In either case I would think that would register as high humidity on my hygrometer though. But going along this line of thinking, I tore the paper facing off the insulation (turning the faced batts into unfaced batts). I left it overnight and checked in the morning, and in the morning, there was definitely a change. In short, the stuffiness seems to be gone/greatly diminished. The room feels cooler and more “airy” if that makes sense. The feeling of “heavy air” is gone. But, the stickiness is still there, I think it feels a little less intense. It is hard to tell as this is all subjective. My hygrometers all show the same readings, which seemed odd, the only difference is the temperature uniformly dropped by 1 degree to a steady 63 vs 64 across the room.
As an experiment I put one of the hygrometers back in the 8 inch air gap, and surprise surprise, it went up 10% to 45% vs 35% in the rest of the space. So it seems like I found the mystery humidity, it was building up in the air gap, creating an envelope of humid air around the room. That seems to have prevented the normal course of air flow around the room, creating a “bubble” of stale air in the living space surrounded buy warmer, more humid air.
That also means that the insulation was up, with the vapor barrier, for 8 days and building up humidity in the air gap between the insulation and moisture barrier. I would think that now needs to dry out. In order to promote the drying out process, I pulled the top 1/2 of the insulation out of the stud cavities around the room, and the room INSTANTLY felt MUCH better. So I know taking the insulation out will solve the issue. I’m going to keep the insulation hanging down like that for a while, with the fan running to mix up all the air, and the dehumidifier running (with the windows closed) to get that excess moisture out of the air, and see how that feels.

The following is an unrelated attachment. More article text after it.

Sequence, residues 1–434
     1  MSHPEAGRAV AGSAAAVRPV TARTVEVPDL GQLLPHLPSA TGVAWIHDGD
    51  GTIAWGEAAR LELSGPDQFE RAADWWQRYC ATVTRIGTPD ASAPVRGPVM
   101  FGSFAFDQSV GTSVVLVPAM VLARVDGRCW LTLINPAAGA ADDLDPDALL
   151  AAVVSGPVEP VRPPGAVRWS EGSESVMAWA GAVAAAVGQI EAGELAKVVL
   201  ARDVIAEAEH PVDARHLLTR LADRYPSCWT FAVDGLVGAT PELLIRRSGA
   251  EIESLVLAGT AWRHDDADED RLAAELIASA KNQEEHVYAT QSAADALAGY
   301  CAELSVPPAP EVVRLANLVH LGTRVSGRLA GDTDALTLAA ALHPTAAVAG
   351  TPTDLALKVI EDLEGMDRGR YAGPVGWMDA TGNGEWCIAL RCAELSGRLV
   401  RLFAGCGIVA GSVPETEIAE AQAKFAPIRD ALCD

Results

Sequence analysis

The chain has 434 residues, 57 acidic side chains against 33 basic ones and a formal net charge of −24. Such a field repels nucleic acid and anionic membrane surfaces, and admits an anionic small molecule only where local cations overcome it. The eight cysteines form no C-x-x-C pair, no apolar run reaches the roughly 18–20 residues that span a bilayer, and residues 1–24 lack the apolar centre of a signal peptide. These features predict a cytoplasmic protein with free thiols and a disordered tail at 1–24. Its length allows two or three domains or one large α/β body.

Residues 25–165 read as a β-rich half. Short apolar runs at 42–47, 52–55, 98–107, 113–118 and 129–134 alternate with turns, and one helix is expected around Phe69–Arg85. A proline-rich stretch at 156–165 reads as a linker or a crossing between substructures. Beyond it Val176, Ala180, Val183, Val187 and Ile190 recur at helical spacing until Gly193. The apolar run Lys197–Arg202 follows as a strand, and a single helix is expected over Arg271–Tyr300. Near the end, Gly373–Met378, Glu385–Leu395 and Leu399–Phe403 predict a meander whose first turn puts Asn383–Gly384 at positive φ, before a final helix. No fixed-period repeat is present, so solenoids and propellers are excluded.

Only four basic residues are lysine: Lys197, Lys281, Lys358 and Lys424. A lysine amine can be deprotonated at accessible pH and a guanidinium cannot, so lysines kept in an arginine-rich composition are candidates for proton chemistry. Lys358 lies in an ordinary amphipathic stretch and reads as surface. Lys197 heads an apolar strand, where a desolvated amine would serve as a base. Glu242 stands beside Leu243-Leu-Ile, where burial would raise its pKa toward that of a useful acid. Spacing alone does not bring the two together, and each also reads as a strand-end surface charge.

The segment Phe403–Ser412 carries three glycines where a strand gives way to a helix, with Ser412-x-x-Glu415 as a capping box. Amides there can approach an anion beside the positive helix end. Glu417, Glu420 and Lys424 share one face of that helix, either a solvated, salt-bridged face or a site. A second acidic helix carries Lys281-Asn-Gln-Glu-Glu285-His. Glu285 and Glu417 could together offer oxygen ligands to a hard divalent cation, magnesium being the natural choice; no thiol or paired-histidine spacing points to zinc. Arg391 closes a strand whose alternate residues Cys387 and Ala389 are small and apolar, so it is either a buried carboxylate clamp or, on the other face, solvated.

If it feels good I will pop the insulation back in and see what that does, hopefully without the vapor barrier there will not be a humidity buildup in that air gap. If it still feels good I will proceed to drywall, if it gets humid again then it seems basement walls with air gaps simply don’t work with insulation, I will trash it all and just drywall with no insulation.
So, after all that, my questions:
If there is an air gap between the foundation walls and the framing, is it correct to have a moisture barrier hanging over the walls tucked into the French Drain, then the air gap, then unfaced insulation in the framing?
If so, why is the stickiness feeling persisting with the (now unfaced) insulation in place? Do I just need to let the insulation air dry for a few days to release any trapped humidity? The insulation does not feel damp or wet at all (nor does the concrete wall or moisture barrier for that matter everything feels bone dry except my skin when I am down there)
If after a few days of drying I put the insulation back up and the room still feels fine, then would a Concrete Block → Moisture barrier → Air gap → unfaced insulation → drywall setup is OK?
If the unfaced insulaiotn does work and I need to put it back in place, I need something to help hold it in place and prevent it from falling into the 8 inch air gap. Previously the paper facing was stapled up an thats what help it in place. Can I use those metal insulation supports to keep the insulation from “falling into” the wall? Being 2x3 construction I don;t have the full surface area of a 2x4 to friction fit the insulation into.
If putting the unfaced insulation back up recreates the problem, WTF is going on?
With the insulation out of the framing the room feels fine again, if I cannot get any sort of insulation working, is it OK to just drywall over the framing and leave it uninsulated? I will be using the moisture resistant purple board drywall, and the room has no moisture problems. If I do that, should I keep or remove the poly moisture barrier?